Water rates draw a crowd at Enderby city hall

Several residents crammed into council chambers to express frustration about mock bills

Concerns over water rates boiled over as Enderby city council met Monday.

Several residents crammed into council chambers to express frustration about mock bills that indicate what they would pay through water meters.

“The gallery was full. It was standing room only,” said Coun. Raquel Knust.

Before metered water rates are launched in 2015, the city has been sending out mock bills this year so residents can see how much water they use and adjust their consumption. A concern has arisen among the top four per cent of residential water users.

“People were not fixing their leaks and they weren’t getting a true reading,” said Knust.

“I understand what they are saying because I have a high bill. But I understand that I need to bring in rain barrels and conserve water.”

Instead of just relying on metered rates, council decided Monday to keep the flat user fee of $242, with a consumption charge not to exceed $1.38 per cubic meter for usage above 180 cubic meters.

“As $242 is the flat rate that residents are currently being charged, the revenue received from the consumption charge is over what the city needs to run the water system and will be used to reduce the $242 flat rate,” said Jennifer Bellamy, chief financial officer.

“Staff is to prepare a bylaw with the revised rates and bring it forward to council at the next council meeting.”

The original goal of the mock bills was to urge people to curtail any water use.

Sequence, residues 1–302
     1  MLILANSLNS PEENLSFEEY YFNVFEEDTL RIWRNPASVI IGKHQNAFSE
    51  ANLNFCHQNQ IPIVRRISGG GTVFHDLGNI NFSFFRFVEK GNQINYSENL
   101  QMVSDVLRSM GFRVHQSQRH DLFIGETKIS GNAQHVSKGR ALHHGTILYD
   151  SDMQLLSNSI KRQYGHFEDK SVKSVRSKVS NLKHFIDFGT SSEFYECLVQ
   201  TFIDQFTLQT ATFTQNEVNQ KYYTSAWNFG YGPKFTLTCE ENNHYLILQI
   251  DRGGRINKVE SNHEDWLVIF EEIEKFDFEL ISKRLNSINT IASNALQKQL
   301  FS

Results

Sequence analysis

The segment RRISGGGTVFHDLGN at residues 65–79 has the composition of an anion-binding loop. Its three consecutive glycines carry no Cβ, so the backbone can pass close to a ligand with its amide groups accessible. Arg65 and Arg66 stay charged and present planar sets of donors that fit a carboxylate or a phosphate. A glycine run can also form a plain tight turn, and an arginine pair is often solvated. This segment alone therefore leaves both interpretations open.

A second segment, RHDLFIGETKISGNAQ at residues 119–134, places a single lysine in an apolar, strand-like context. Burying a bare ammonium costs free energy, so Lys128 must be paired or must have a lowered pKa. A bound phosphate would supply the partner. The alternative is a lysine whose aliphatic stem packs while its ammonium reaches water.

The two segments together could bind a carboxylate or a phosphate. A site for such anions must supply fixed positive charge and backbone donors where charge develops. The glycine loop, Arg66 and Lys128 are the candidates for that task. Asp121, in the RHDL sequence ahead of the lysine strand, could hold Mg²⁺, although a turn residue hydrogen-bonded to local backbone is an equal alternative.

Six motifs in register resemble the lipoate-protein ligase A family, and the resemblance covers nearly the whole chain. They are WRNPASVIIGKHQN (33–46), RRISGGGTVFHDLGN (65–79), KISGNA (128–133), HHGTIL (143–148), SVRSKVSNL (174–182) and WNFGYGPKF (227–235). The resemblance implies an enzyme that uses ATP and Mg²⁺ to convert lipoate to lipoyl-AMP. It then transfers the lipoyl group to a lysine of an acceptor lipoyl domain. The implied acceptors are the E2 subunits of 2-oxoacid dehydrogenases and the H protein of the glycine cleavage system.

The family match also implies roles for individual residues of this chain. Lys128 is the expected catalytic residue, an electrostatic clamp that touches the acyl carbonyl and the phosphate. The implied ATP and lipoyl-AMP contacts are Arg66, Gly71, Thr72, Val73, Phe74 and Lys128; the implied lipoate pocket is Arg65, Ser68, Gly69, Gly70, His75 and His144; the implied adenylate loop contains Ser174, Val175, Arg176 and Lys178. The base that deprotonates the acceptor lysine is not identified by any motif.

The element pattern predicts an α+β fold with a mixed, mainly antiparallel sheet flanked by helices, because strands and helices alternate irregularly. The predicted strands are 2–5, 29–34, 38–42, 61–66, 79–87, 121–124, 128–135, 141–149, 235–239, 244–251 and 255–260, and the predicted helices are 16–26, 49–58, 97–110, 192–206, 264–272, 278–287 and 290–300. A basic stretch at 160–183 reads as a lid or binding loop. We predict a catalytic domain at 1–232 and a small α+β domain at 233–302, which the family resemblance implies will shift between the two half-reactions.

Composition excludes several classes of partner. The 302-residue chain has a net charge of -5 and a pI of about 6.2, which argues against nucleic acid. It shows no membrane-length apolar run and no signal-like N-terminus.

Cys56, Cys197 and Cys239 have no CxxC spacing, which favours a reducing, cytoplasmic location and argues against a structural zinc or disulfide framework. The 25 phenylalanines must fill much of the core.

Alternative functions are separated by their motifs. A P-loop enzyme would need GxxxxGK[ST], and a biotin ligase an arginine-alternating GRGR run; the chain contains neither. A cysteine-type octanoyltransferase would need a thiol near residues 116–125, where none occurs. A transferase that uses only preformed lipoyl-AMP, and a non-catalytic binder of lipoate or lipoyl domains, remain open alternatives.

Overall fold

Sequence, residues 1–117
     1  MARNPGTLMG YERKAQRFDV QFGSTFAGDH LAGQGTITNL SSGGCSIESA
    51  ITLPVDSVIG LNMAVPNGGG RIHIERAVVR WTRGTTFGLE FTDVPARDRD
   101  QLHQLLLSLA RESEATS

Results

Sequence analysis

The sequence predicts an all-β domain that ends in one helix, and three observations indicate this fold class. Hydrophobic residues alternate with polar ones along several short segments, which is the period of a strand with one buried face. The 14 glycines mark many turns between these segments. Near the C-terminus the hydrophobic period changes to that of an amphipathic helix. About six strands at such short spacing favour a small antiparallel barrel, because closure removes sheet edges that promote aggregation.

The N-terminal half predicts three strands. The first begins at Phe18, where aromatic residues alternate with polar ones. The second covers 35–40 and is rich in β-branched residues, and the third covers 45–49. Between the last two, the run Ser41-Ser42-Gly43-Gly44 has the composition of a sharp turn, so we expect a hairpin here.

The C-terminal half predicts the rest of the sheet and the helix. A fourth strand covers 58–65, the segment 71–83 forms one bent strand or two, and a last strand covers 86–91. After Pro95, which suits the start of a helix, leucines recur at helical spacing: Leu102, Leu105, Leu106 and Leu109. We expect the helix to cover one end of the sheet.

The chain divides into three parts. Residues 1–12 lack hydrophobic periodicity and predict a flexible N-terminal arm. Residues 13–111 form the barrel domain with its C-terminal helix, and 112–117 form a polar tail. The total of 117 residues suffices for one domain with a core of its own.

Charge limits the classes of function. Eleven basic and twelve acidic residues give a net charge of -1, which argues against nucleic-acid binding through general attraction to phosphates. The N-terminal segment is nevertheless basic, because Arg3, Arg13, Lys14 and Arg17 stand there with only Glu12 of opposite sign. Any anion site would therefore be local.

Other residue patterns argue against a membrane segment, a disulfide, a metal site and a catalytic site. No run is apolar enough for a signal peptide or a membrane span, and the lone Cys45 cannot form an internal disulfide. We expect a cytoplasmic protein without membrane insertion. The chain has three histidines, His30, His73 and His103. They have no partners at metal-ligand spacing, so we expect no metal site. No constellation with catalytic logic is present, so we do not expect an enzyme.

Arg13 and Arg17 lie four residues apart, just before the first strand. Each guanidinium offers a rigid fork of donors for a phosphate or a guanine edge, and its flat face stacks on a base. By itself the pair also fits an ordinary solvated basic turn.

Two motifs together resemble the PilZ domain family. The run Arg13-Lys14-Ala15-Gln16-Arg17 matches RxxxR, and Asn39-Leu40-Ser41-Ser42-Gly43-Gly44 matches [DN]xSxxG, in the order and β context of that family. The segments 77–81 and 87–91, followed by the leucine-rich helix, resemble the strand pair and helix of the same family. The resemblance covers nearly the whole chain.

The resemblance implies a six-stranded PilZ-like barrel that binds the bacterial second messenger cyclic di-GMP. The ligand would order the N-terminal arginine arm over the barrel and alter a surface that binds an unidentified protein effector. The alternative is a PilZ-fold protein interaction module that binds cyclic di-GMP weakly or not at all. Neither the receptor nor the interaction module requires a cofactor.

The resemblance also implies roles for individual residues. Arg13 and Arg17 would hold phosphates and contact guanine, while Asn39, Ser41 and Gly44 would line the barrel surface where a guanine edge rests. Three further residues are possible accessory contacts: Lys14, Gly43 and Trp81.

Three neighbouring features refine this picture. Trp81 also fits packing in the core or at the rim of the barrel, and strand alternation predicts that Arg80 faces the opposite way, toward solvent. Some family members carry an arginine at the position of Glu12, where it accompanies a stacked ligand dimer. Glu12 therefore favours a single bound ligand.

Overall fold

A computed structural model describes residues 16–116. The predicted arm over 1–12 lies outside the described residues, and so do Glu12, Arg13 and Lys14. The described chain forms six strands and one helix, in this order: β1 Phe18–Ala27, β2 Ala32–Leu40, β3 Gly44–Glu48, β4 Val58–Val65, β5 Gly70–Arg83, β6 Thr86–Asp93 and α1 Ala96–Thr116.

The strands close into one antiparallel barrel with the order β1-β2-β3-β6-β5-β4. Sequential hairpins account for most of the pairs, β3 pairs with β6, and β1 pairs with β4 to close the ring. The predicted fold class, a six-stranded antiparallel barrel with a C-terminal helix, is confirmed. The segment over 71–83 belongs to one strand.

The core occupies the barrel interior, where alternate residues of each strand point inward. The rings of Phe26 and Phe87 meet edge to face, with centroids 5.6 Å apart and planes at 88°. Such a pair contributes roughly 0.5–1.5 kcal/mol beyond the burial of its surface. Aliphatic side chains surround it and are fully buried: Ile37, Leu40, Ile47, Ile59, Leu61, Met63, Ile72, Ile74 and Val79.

“Nobody took them seriously and didn’t look at them,” said Coun. Greg McCune.

Metered water rates were structured to provide the city with enough revenue to operate the water system and to reduce water consumption by 25 per cent so future infrastructure expansion could be deferred.

 

Just Posted

IPE donates to North Okanagan group

Good Food Box, the IPE 2019 Charity of Choice, receives $5,700

Vernon Walk For Alzheimer’s looks to expand

Annual event slated for May 3, 2020, is also looking for new committee members

Vernon’s October 2019 the coldest on record

This past month of October was the coldest since at least 1989

City of Vernon offers winter safety reminders

Reminders geared toward keeping safe while heating your home and driving in the winter

Feedback sought at North Okanagan regional district’s open house

Learn more about the district’s projects and services offered Nov. 27

VIDEO: Canadian allergists’ group wants Benadryl behind the counter due to side effects

Some doctors say the medication is over-used because of its easy availability

Costco relocation will create congestion on Kelowna roadways: resident

At least one Kelowna resident is unhappy with the proposed relocation of Costco within the city

“I thought, enough is enough”: B.C. teen takes on bullies through social media

‘I thought, enough is enough. I wanted to try something to stop it.’

World’s largest Indigenous tourism conference hits Kelowna

The Syilx, Nlakápamux and Secwépemc Nations are hosting the 2019 IITC

Audit finds Canada’s fisheries in decline and response lacks urgency

Report says 17 per cent of fish stocks are critically depleted, up from 13.4 per cent in 2018

Small group of Cherry fans protest his firing at Rogers HQ

One sign at the Toronto rally: ‘Rogers cancels Don, we cancel Rogers’

Third man dies after Kamloops hit-and-run

Three men have now died as a result of the fatal collision on Nov. 3

Nearly half of B.C. drivers nervous in winter conditions: BCAA

‘Wait and see’ approach common practice for 32% of B.C. motorists

Autism support dog refused bus access for being a ‘pet’

B.C. grandmother files complaint with TransLink, calls for better awareness of service dogs

Most Read